Steve knows the best time to cry is when the lights are out and someone is being beaten up and screaming for help. In Manhattan Detention Center, he’s scared all the time. In jail, even strangers find reasons to hurt each other.

He’s on trial for murder, though he never touched the gun. He is charged with being the lookout while Mr. King robbed the store. But really, he stands accused of being a Monster.

Over and over he writes the word. Monster. His defense attorney finally pulls the pencil from his hand. If he acts guilty in front of the jury, there’s no way out for him. He’s black, he’s young, and he’s on trial. In the eyes of many of the jury, he’s guilty until proven innocent.

The finger of blame comes from a dope dealer who’s already served time for manslaughter. He was with King at the shooting. The two left the body and went out for fried chicken and soda. Hoping for a lighter sentence, the heartless dealer’s only too ready to make a deal by piling blame on Steve. The prosecutor makes her pronouncement: All are equally guilty.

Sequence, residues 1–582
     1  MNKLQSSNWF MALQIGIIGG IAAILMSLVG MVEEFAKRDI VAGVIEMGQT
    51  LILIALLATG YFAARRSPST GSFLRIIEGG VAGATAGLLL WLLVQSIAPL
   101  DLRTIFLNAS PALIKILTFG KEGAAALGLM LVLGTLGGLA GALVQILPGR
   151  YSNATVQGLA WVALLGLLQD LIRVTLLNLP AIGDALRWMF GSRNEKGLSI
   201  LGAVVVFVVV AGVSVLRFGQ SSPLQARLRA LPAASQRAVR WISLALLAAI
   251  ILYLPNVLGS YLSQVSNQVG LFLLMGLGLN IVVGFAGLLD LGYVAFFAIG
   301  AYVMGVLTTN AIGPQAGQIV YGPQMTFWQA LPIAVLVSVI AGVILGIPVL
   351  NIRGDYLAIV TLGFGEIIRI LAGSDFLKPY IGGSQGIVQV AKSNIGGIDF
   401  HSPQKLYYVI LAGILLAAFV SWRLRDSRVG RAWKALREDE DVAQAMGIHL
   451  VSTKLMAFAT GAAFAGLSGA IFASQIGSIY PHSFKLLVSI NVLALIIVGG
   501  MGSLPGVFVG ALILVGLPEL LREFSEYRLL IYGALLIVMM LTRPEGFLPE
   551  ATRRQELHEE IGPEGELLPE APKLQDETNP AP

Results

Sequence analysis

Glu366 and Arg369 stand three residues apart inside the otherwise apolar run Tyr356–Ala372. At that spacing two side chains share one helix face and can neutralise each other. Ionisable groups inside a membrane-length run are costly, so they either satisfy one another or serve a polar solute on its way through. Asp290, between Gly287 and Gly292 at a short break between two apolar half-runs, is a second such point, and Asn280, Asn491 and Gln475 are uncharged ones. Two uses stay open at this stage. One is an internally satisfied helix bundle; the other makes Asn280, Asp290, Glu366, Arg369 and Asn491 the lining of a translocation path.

Steve paces his cell, waiting for the verdict.  Like everyone around him, he wants his life back again.

Walter Dean Myers paints a graphic picture of what it’s like to be in jail as a black youth. Suspected of horrible crimes, Steve has no real way to defend himself from all the accusations, spoken and unspoken. Almost everyone who means anything to him turns away, some with tears in their eyes. What’s left to believe in when hope is gone?

Monster drives you to think about all the tomorrows of your own life, and the tomorrows of the men charged with crimes they may not have committed. In the end, we’re left wondering who’s actually guilty.

Walter Dean Myers was a National Ambassador for Young People’s Literature, and a shining light in the lives of many. Find out more about him at

–Kate Calina


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